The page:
When journals reject original submissions it is not their job to figure out why the authors run an uninteresting study or executed it poorly. They just reject it.
When journals lose confidence in the data behind a published article it is not their job to figure out why the authors published data whose confidence was eventually lost. They should just retract it.
Employers, funders, and co-authors can worry about why an author published untrustworthy data.
However, I don’t get to just say “hey, I bought some tacos in that Kansas City conference, please deposit $6.16 onto my checking account.” I need receipts. They trust me, but there is a paper trail in case of need.
When I submit the work I presented in Kansas City to a journal, in contrast, I do just say “hey, I collected the data this or that way.” No receipts.
The recent Science retraction, with canvassers & gay marriage, is a great example for the value of receipts. The statistical evidence suggested something was off, but the receipts-like paper trail helped a lot
Author: “so and so run the survey with such and such company”
Sleuths: “hello such and such company, can we talk with so and so about this survey you guys run?”
Such and such company: “we don’t know any so and so, and we don’t have the capability to run the survey.”
Authors should provide as much documentation about how they run their science as they do about what they eat at conferences: where exactly was the study run, at what time and day, which research assistant run it (with contact information), how exactly were participants paid, etc.
We will trust everything researchers say. Until the need to verify arises.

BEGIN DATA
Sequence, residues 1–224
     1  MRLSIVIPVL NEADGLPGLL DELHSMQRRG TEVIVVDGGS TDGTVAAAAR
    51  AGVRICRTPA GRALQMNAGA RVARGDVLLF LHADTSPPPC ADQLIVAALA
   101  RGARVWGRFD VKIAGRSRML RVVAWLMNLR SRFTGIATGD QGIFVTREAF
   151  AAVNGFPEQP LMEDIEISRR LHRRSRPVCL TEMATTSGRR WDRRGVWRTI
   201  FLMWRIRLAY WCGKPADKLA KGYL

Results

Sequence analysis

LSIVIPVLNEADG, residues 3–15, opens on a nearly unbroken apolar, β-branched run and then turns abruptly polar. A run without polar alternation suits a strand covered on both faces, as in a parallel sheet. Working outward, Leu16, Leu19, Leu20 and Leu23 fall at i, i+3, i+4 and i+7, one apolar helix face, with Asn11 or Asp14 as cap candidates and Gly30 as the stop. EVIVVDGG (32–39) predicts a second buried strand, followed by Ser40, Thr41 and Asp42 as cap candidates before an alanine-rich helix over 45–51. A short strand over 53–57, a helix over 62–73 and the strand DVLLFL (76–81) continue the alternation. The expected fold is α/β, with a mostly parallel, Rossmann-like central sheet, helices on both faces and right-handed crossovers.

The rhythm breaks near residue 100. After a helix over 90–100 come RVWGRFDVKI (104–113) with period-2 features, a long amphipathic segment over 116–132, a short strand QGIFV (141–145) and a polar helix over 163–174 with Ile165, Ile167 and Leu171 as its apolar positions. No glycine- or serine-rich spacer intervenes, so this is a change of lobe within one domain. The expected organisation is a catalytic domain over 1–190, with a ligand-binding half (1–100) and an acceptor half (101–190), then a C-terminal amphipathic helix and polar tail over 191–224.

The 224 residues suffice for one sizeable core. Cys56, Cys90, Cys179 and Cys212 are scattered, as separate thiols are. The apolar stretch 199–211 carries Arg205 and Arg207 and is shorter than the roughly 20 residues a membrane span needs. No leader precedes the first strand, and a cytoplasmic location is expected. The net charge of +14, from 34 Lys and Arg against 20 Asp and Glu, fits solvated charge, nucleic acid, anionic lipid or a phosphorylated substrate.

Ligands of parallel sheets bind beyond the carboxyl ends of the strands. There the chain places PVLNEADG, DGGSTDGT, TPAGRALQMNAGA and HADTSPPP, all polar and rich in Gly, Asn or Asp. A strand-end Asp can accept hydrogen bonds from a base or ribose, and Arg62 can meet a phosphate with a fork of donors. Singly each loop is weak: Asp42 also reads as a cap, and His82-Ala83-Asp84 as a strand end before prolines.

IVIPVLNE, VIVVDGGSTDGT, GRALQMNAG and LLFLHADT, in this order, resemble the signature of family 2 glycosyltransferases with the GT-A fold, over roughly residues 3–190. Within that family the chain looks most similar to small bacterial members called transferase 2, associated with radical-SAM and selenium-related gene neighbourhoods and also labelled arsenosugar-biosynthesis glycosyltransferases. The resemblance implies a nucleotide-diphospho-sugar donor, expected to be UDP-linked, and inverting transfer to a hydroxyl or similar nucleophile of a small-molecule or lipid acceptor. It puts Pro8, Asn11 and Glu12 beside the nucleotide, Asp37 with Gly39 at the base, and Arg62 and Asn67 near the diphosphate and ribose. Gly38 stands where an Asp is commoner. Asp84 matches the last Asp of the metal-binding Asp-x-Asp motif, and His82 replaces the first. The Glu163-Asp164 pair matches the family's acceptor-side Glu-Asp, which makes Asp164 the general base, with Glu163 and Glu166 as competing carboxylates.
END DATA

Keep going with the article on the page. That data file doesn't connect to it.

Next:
Solution 3. Post data, materials and code
Had the raw data not been available, the recent Science retraction would probably not have happened. Stapel would probably not have gotten caught. The cases against Sanna and Smeesters would not have move forward. To borrow from a recent paper with Joe and Leif:
Journals that do not increase data and materials posting requirements for publications are causally, if not morally, responsible for the continued contamination of the scientific record with fraud and sloppiness.
Feedback from Ivan Oransky, co-founder of Retraction Watch
Ivan co-wrote an editorial in the New York Times on changing the incentives to reduce fraud (.pdf). I reached out to him to get feedback. He directed me to some papers on the evidence of incentives and fraud. I was unaware of, but also unpersuaded by, that evidence. This prompted to add the last paragraph in the incentives section (where I am skeptical of that evidence). Despite our different takes on the role of rewarding sexy-findings on fraud, Ivan is on board with the three non-incentive solutions proposed here. I thank Ivan for the prompt response and useful feedback. (and for Retraction Watch!)
- I use the word fabricateur to refer to scientists who fabricate data. Fraudster is insufficiently specific (e.g., selling 10 bagels calling them a dozen is fraud too), and fabricator has positive meanings (e.g., people who make things). Fabricateur has a nice ring to it. [↩]
- Every author publishing in an American Psychological Association journal agrees to share data upon request [↩]